Lawmakers Seek To Close The 'Bump Stock Loophole' With New Bill

Clark Aposhian, chairman of the Utah Shooting Sports Council, demonstrates how a little-known device called a "bump stock" is attached to a semi-automatic rifle at the Gun Vault store and shooting range Wednesday, Oct. 4, 2017, in South Jordan, Utah. (AP Photo/Rick Bowmer)

Ever since the Las Vegas tragedy, bump stocks have been in the crosshairs. Bills in both the House and the Senate have been proposed to deal with bump stocks following their use to killing 58 people at a country music festival. Unfortunately, those bills are far too broad and would also ban trigger modifications.


Now, there’s a new bipartisan bill that seeks to close what some are calling the “bump stock loophole.”

Lawmakers introduced legislation this week that would add bump stocks and similar accessories to the National Firearms Act.

Known as the “Closing the Bump-Stock Loophole Act,” the bill would give the Bureau of Alcohol, Tobacco, Firearms and Explosives (ATF) the power to regulate “a reciprocating stock, or any other device which is designed to accelerate substantially the rate of fire of a semiautomatic weapon” under the NFA.

In other words, purchasers of bump stocks would have to jump through all those annoying NFA hoops: registration, fingerprinting, background check, $200 tax stamp.  Current owners of bump stocks would have one year from the bill’s enactment to do the same.

The “Closing the Bump-Stock Loophole Act” is the brainchild of Congressman Brian Fitzpatrick (R-PA), Congressman Dan Kildee (D-MI), Congresswoman Dina Titus (D-NV) and Congressman Dave Trott (R-MI).

At this time, there’s no word on the NRA’s position on this bill, though they’ve already stated their opposition to Sen. Dianne Feinstein’s bill.


However, I already know the opinions of many in the gun community on this or any other regulation. Not another inch.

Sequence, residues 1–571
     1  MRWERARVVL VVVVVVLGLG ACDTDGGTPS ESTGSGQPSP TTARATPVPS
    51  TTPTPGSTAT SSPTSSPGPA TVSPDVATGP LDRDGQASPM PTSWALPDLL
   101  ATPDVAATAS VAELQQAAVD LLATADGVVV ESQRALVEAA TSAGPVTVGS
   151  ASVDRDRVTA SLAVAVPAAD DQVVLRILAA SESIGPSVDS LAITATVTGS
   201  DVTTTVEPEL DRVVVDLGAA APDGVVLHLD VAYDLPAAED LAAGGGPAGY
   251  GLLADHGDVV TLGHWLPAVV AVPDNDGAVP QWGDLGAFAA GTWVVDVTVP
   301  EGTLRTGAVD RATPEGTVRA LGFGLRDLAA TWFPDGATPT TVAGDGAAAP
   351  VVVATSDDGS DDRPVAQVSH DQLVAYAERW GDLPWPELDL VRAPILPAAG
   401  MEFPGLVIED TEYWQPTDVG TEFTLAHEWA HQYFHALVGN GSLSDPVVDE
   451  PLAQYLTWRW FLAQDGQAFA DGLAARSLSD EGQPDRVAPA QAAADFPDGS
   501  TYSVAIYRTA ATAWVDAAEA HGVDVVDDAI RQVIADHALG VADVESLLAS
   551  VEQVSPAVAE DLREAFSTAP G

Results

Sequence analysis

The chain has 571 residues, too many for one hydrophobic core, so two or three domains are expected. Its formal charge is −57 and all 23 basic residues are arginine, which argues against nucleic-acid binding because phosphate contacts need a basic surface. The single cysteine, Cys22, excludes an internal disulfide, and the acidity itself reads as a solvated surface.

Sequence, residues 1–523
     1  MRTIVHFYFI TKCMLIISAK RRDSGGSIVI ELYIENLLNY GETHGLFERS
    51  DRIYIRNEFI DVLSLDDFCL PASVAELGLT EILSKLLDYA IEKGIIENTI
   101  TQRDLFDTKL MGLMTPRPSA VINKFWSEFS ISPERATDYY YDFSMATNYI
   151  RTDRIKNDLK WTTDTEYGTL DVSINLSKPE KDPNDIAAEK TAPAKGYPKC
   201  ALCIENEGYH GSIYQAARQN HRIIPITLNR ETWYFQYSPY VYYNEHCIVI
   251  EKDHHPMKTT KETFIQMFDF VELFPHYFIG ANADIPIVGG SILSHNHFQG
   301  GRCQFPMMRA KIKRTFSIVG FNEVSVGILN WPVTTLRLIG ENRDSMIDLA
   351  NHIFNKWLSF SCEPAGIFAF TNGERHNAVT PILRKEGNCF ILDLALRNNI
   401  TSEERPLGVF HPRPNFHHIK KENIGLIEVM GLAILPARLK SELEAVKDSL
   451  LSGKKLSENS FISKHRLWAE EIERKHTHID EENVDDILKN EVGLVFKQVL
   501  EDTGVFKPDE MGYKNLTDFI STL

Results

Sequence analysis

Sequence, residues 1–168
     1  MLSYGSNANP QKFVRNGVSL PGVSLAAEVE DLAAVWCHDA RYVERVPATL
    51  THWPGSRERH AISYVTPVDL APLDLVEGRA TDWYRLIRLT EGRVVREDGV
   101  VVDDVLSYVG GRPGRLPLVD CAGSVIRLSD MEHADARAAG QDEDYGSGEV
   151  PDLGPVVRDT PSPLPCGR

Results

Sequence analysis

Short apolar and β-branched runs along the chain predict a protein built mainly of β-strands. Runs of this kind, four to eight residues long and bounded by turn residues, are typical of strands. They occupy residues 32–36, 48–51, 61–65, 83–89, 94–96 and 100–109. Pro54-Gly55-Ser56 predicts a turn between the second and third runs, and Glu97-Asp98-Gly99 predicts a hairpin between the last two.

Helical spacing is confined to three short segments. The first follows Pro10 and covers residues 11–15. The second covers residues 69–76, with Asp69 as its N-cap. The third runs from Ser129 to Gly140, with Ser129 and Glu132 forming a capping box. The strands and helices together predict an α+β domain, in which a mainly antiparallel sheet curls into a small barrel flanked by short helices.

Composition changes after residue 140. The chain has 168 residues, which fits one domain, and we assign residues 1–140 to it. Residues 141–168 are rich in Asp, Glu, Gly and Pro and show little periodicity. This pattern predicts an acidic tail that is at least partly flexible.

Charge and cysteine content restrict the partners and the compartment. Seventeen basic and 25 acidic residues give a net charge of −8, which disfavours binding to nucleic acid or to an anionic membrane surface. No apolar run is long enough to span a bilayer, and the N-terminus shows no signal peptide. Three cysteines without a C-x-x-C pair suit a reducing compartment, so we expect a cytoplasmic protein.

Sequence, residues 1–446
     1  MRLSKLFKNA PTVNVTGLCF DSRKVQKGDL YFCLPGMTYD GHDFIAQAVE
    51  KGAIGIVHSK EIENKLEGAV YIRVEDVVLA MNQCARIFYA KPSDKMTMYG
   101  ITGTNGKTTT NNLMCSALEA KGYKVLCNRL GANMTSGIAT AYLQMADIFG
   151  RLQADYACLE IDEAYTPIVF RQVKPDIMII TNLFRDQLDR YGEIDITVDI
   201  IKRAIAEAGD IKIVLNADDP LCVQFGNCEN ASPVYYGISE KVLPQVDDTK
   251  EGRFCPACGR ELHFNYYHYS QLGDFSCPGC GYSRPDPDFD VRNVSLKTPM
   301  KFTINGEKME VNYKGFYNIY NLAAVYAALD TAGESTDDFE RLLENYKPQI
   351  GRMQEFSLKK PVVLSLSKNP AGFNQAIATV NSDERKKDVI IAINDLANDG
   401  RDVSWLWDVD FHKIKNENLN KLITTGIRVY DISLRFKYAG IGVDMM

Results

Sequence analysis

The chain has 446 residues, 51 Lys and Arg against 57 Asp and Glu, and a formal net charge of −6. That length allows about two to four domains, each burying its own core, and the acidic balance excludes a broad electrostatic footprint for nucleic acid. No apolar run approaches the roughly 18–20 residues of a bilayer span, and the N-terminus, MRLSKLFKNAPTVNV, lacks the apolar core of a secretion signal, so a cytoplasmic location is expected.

Time and time again, gun owners have compromised on the Second Amendment. We’ve whittled away our rights in the name of compromise for decades, all so we could be seen as reasonable.

The problem is when you start with a whole cake, and “compromise” it until you only have a slice, you’re the only one being reasonable.

These Republican congressmen aren’t acting like Republican congressmen. Fitzpatrick doesn’t have the strongest pro-gun record out there, but Trott had pretty solid 2A credentials before he put his name on this bill. That’s troubling, but unfortunately, I can see how it happened.

Whether the NRA realizes it or not, but ostensibly supporting regulations on bump stocks–whether it’s through regulation or legislation–they’ve given cover to ostensibly pro-gun legislators to support new regulations on devices like this. There’s a reason may gun owners are feeling betrayed by the National Rifle Association.

After all, the largest voice for the preservation of our gun rights is voicing support for regulating away our gun rights. How should many gun owners feel?


Yes, bump stocks are controversial, even in Second Amendment circles. Many want them regulated as machine guns while many others refuse to budge on anything else regarding guns. However, for those who don’t want to give up any more ground in the war on guns, it’s hard not to feel like the NRA has sold them out.

Then we get legislation like this, were Republican lawmakers are offering up a bill that will restrict our gun rights once again, and the NRA has provided political cover for them to do just this.

Especially since bump fire won’t be going away, even if this bill passes.


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